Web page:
First Aid for Needle Stick Injuries

first aid for needle stick injuries

First Aid for Needle Stick Injuries

In this series on first aid, we are working to demystify and break down some of the procedures that are followed by first aiders. We have already covered first aid for insect bites and stings, what to do if someone is having an asthma attack and we explained what DRSABCD is.

In today’s blog we are going to talk about what first aiders do when dealing with a needle stick injury.

There are few moments that are quite as fraught with anxiety and uncertainty than when someone discovers they have been stuck with a needle and they don’t know what’s in it.

Needle stick injuries are especially dangerous because when an unknown needle punctures someone’s skin. It puts them at risk of all sorts of blood borne diseases not to mention they are also at risk of whatever was in the needle.

Needle Stick injuries are especially common in the healthcare profession as many healthcare professionals work around and near needles. There are approximately 18,000 needle stick injuries in the healthcare field every year in Australia.

One in nine nurses has reported at least one needle stick injury in the past year.

Needle stick injuries are associated with a risk of blood borne pathogens such as hepatitis B virus, hepatitis C virus, human immunodeficiency virus, malaria, mononucleosis, diphtheria, herpes, tuberculosis and syphilis.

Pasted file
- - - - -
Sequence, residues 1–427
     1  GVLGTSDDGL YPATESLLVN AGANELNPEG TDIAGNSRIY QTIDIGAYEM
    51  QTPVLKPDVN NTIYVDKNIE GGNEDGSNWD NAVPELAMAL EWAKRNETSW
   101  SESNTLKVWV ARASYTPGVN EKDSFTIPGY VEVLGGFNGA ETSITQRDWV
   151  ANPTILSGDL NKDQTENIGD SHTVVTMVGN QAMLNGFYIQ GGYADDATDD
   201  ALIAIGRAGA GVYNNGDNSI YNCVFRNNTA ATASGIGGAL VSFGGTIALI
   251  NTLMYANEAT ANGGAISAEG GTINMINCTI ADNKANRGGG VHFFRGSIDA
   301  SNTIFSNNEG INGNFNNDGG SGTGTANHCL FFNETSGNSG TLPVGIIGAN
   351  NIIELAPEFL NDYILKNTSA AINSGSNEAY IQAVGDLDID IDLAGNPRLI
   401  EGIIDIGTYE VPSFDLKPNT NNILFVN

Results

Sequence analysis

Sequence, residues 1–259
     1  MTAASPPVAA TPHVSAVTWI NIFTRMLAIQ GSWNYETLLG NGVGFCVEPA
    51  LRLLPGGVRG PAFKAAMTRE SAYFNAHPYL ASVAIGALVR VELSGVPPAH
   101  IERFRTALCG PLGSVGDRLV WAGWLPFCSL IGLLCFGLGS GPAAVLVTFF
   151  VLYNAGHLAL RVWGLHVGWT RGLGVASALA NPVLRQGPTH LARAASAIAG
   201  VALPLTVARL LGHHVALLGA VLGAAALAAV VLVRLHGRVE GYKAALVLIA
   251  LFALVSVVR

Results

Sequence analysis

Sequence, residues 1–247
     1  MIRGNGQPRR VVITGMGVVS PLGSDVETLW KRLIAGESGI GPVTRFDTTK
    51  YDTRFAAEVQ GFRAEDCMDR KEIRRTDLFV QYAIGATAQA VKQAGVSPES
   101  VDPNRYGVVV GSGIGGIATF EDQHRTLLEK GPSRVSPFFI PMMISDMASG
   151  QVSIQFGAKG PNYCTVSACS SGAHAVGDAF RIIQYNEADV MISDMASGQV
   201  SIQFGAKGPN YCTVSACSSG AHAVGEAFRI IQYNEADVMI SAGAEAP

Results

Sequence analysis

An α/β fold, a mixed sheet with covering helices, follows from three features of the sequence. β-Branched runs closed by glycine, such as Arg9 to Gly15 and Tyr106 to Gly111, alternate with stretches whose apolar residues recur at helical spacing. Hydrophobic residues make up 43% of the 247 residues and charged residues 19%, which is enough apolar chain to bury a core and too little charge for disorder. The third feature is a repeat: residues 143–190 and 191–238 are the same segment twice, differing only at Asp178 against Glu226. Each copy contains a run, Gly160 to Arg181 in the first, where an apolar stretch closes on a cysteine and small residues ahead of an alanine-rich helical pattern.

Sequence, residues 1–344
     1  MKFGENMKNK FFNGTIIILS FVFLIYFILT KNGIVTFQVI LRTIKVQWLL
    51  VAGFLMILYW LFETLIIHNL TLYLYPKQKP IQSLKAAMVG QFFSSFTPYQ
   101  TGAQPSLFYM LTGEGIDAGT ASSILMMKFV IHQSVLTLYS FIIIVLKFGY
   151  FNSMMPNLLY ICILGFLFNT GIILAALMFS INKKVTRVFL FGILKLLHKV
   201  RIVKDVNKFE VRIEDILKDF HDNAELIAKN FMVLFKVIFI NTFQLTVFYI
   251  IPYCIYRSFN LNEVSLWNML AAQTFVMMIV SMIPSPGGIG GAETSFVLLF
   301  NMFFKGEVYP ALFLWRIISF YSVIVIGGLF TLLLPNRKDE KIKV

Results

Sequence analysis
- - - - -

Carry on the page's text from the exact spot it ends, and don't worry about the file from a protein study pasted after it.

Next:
If someone has been stuck with an unknown needle and is conscious, then a first aider will follow these steps:

  1. They will reassure a patient. Trying to calm them down and make sure they are comfortable and feel safe. This can be quite a distressing experience and it’s important to keep someone calm when trying to administer first aid.
  2. They will not immediately badge the wound. They let the wound bleed freely for a few seconds.
  3. Then they will wash the wound site with soap and running water if they can. If that’s not possible they might be able to use an alcohol base rub or wash to clean it.
  4. If needed they will apply a sterilizsed, waterproof dressing.
  5. The first aider will then advise that the patient should immediately see their doctor or go straight to the emergency department.
  6. The first aider will recommend that the needle should be kept in a sturdy container with a lid and taken for testing so the patient can know what precautions should be taken from the injury.

If someone has been stuck with a needle and they are not conscious a first aider will immediately follow the DRSABCD Basic Life support plan and call an ambulance.

If you’re interested in being able to offer support and safely assist someone in the event they are stuck with an unknown needle, you can complete our first aid course.

The first aid course only takes one day to complete in a face-to-face workshop with online learning prior to attending. In this workshop you’ll learn how to provide CPR, basic life support and first aid.

Get in touch our course advisors to determine the right First Aid course for your needs.

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